The study by Don Hutchinson and Rick Hiemstra of the Evangelical Fellowship of Canada tracked the voting patterns of Canada's Evangelical Christians from 1996 to 2008. Among the things they found was that there are a lot of differences between the way Evangelical Christians vote in the United States and in Canada.

For one, Canada's Evangelicals don't vote in a monolithic block for one single party. Secondly, while the most popular party with Evangelicals is currently the Conservatives, the second most popular party is the NDP.

The Liberals used to be a natural home for Evangelical Christians who care about issues such as social justice. In 1996, the Liberals were by far the most popular party with Evangelical Christians in every region except the West where the Reform Party was slightly more popular.

However, those voters began to move away from the Liberals after the Liberals denigrated and marginalized them, says the study. "Each time Canadians went to the federal polls in 2004, 2006 and 2008, the Liberals only managed to hold on to roughly half of the evangelical voters they had had at the previous election," says the report. "When evangelical voters left, they generally went to the Conservatives and the NDP, in a 2 to 1 ratio.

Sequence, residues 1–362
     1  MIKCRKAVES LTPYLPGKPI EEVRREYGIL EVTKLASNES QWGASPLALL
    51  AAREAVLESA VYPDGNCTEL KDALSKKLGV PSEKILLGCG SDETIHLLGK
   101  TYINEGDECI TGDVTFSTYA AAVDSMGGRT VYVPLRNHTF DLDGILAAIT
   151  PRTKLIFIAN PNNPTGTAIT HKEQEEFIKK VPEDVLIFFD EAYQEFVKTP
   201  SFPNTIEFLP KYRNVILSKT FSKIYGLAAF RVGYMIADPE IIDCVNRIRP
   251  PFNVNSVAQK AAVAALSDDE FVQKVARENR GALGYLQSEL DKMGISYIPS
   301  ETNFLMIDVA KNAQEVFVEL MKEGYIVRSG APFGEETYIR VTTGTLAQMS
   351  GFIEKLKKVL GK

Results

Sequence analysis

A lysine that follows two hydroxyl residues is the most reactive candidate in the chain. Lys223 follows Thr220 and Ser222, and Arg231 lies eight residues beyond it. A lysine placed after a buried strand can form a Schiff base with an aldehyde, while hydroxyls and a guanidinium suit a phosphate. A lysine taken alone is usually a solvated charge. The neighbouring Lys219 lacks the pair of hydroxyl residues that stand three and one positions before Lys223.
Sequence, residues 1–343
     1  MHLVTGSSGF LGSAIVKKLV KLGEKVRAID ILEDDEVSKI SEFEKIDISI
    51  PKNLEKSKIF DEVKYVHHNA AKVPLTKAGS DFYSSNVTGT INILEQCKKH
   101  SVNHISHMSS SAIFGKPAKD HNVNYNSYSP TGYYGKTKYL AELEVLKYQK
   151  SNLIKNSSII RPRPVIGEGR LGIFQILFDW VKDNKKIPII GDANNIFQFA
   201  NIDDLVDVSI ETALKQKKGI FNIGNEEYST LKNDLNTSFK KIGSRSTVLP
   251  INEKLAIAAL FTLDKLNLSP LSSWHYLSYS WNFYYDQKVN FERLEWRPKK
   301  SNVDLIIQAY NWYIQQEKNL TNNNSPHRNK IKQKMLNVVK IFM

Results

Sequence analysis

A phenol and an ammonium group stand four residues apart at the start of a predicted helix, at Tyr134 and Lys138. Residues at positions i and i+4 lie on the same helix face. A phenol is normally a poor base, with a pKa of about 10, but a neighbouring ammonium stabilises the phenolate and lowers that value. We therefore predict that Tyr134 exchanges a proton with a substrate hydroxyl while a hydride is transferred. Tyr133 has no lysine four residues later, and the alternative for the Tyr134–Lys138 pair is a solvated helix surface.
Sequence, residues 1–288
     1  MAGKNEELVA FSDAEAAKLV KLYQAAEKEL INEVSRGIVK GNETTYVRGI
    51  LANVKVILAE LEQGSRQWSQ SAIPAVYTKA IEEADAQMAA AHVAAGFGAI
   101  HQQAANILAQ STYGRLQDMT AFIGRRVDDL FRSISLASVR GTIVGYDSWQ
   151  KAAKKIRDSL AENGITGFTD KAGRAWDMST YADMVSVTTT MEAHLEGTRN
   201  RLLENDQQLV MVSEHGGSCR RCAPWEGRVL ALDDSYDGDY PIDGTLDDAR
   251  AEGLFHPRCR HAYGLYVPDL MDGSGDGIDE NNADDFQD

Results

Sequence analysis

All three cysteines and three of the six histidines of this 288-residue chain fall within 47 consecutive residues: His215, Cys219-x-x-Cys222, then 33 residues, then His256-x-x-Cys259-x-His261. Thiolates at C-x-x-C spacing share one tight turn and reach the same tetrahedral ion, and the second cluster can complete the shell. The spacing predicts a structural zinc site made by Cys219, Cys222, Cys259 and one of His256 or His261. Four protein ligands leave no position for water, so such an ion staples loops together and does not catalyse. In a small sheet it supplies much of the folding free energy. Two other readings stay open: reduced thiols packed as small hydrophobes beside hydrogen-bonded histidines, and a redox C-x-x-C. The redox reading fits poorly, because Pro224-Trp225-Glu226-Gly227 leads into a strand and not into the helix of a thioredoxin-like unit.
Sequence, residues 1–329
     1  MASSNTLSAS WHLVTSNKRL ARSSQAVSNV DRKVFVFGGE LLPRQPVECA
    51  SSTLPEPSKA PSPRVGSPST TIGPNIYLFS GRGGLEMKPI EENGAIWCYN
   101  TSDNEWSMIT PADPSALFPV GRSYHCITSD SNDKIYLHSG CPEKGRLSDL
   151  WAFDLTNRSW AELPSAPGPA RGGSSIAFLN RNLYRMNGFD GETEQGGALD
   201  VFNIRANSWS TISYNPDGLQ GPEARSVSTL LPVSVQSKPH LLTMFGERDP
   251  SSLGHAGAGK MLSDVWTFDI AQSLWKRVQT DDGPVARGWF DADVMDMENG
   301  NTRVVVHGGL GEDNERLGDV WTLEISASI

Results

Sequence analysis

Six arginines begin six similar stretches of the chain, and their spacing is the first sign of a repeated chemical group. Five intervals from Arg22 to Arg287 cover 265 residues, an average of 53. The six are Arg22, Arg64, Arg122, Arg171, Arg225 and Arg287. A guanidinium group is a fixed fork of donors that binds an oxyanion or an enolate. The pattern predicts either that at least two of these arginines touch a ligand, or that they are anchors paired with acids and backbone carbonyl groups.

http://lfpress.ca/newsstand/News/CanadaWorld/2009/09/23/11081196.html

janfromthebruce

From your linked article:

Evangelical Christians who care about issues such as social justice.

 

Well when your party only represents money issues it doesn't leave much for social justice issues - liberation theology comes to me and that is progressive left.

I met many church going folks in Sask who are NDP supporters and see socialism as a projection of their spiritual beliefs. I think that there is a part of the NDP that would be considered -spiritual - and that there is a tension but in the end, the NDP is very flexible and open to beliefs of others, as long as it does not oppress others.

thorin_bane

NR could you tone down your rhetoric a bit. Every post you say the libs are toast and harper is headed for a majority. I don't see either happening.